By Molly Gore
By Molly Gore
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By Lou Bustamante
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By Ashley Goldsmith
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Before I went to Ramen Izakaya Goku, the new ramen and small plates spot near the 16th Street BART station, someone who knows about such things described it to me as "the best ramen in the Mission." This struck me as similar to complimenting the tallest midget in the world, but the truth is that geography plays more of a role in how we feel about restaurants than we like to admit. Goku isn't the best ramen in the world, or even in the city, but it may well be the best in the Mission, and that distinction carries some weight in San Francisco.
The restaurant is from the same team responsible for Men Oh Ramen, Shabuway, and Waraku Ramen, and here they expanded the concept to include an izakaya — the Japanese equivalent of a tapas bar. The way to izakaya is to have leisurely small bites and drinks before topping the meal off with a finale of ramen or a rice dish, and the menu here is set up to accommodate that, and more. "Goku is the UN of restaurants," says a bit of weird prose introducing the place on the menu. "It's for everybody, whether you and your friends want to sample and drink for hours, or you're here for a hearty bowl of ramen before running a marathon, or a quick drink before a blind date."
The izakaya was busy on my visits, with a clipboard waiting list and a crowd of Missionites milling around the sidewalk (unlike some other spots, they won't call your phone when your table is ready, so you just have to wait). Once you make it inside, the restaurant is as welcoming as the menu suggests. It's decorated in generic San Francisco hip: One wall is textured concrete, the other is exposed wood, and there are bar seats facing the open kitchen. When you sit down, you're provided with a complimentary bowl of deep-fried noodles seasoned with furikake and cayenne pepper designed to whet the appetite and, I'm guessing, make you thirsty. You can quench it with a Northern California microbrew or Sapporo on tap, or something from the extensive sake selection, including several by-the-glass selections at different prices if you want to do a taste test.
For small bites, order the takoyaki, octopus balls with a gooey texture and crisp fried crust. They're like seafood croquettes, though they did have a tendency to stick to the bottom of the cast-iron mold in which they were served. Slices of soft monkfish liver, the foie gras of the sea, had a pleasant oceany flavor that tangoed with its tangy yuzu dressing. Batons of deep-fried burdock root added a smoky element to the meal. One of the best appetizers turned out to be the Goku salad: greens with a bright citrus dressing, garnished with sweet marinated tomatoes and enough grilled pork to serve as a meal. The most disappointing small plate was the kobe beef ribs, overcooked slices of beef in a sweet sauce and topped with sliced red bell peppers; it tasted like a beef dish from a mediocre Chinese restaurant.
Most diners were nibbling on one or two small plates, but the majority seemed to be at Goku because they had ramen on the brain. Despite the menu's proclamation that it's simmered for 16 hours, the broth lacks the complexity of the best variations, especially the "rich tonkotsu," which was lackluster with its lean, dry chashu pork. But the katkusu pork ramen was a beautiful bowl of soup, with a broth less rich than traditional tonkotsu but with infinitely more depth and flavor, and pulled pork that had a good amount of fat mixed in with the meat. The noodles in both bowls were great — on the chewy side, but not undercooked — as were the house-pickled bamboo shoots.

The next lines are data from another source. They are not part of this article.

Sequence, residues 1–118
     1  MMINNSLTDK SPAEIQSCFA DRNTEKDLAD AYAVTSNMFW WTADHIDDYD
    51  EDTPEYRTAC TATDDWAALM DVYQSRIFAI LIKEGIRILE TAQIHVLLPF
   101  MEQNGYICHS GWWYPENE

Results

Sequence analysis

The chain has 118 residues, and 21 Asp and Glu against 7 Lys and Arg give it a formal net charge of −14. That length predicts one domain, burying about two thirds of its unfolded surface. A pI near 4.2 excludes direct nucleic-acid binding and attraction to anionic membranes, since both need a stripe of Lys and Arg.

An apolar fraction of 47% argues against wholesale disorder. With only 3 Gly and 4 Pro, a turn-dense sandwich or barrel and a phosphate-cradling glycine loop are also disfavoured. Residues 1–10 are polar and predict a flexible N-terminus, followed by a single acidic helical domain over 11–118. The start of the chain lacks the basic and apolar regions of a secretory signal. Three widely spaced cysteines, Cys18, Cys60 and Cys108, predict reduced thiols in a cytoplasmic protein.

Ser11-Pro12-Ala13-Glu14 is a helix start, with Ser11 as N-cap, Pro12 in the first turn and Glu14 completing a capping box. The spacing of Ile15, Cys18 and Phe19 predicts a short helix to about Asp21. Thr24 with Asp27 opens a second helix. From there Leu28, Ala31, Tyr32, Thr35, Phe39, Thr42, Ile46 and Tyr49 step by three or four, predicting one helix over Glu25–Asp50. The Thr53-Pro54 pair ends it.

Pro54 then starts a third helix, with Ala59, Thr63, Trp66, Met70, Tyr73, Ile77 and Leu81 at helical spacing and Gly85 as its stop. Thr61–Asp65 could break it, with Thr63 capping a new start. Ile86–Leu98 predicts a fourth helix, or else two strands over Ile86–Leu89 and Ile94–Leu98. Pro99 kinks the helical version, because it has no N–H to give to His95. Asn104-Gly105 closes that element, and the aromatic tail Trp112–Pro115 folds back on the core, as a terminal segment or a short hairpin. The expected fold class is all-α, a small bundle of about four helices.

Once I ventured beyond pork ramen, there were real treats in store. The clam-and-garlic ramen was one of the best Goku offered, with a fragrant, shimmery broth that was faintly evocative of the sea. The clams in it, however, needed to be cleaned better — I bit down on grit on what seemed like every other one. The vegetarian broth was earthy and complex, and came with some of the tenderest tuna steaks I've ever eaten and al dente green noodles that added another layer of flavor.
All of the ramen can be ordered on a sliding scale: cool, mild, medium, extra spicy, Goku ("hella spicy"). The differences weren't enough to be able to distinguish between them. If you're going to call something "hella spicy," it should bring tears to my eyes and make me cough if I take too big of a slurp. The spiciest was semi-spicy at best, even for a wimp like me, and it was barely distinguishable in medium.
Even if you're stuffed at the end of the meal, order the house-made taiyaki for dessert — a fish-shaped pancake filled with a sweet, warm red bean paste that's made to order.
Goku's located on 16th Street, just west of Guerrero, so it'll do well no matter what — and its 11 p.m. closing time on weekends ensures that punters will head there for a stomach-lining meal before getting on BART and going home. Later this year, it's rumored that popular pop-up Hapa Ramen will move into a spot near Hog & Rocks, while Santa Clara's Orenchi Ramen, supposedly one of the Bay Area's best, is coming to Valencia next year. Soon the neighborhood might have bowls that are more than just "good enough for the Mission," but that are good enough for anywhere.
OK, this is weird. I was just reading an article about ramen and wondering where to find the good stuff. Maybe we could go next week?